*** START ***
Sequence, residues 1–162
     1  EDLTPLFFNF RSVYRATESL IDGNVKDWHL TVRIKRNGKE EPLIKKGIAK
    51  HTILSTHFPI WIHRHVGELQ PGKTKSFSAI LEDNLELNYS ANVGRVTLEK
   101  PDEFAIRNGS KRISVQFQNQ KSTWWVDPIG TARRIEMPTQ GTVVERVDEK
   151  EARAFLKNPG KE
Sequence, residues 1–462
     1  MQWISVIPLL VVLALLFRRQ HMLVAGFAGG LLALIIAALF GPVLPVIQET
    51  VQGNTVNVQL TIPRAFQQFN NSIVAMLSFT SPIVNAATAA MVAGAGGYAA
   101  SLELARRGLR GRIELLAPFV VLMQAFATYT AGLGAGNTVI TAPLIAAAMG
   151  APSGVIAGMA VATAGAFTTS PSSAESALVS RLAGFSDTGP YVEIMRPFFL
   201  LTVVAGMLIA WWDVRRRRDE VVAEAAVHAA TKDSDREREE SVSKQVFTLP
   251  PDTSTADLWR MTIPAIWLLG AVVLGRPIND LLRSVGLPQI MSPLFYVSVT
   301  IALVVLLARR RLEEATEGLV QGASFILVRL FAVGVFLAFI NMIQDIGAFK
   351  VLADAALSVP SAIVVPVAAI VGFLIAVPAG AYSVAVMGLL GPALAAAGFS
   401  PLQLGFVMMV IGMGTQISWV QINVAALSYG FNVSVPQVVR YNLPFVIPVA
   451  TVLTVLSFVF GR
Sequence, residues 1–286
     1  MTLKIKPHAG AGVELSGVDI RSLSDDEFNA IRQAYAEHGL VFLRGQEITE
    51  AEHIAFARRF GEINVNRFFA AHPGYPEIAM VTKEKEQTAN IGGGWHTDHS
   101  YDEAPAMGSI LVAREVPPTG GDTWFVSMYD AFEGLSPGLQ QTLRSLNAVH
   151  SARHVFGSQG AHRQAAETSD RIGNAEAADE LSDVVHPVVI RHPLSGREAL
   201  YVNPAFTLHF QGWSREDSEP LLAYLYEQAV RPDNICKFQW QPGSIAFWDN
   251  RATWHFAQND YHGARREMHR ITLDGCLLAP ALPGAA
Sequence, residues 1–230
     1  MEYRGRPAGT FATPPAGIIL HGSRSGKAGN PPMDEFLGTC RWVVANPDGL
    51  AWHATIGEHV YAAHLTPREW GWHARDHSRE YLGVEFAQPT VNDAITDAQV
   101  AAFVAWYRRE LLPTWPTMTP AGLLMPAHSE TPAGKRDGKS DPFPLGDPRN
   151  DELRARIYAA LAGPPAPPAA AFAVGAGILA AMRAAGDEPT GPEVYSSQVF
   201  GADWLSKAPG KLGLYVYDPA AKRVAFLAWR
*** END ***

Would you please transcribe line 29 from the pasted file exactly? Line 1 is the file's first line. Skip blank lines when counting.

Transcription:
   201  GADWLSKAPG KLGLYVYDPA AKRVAFLAWR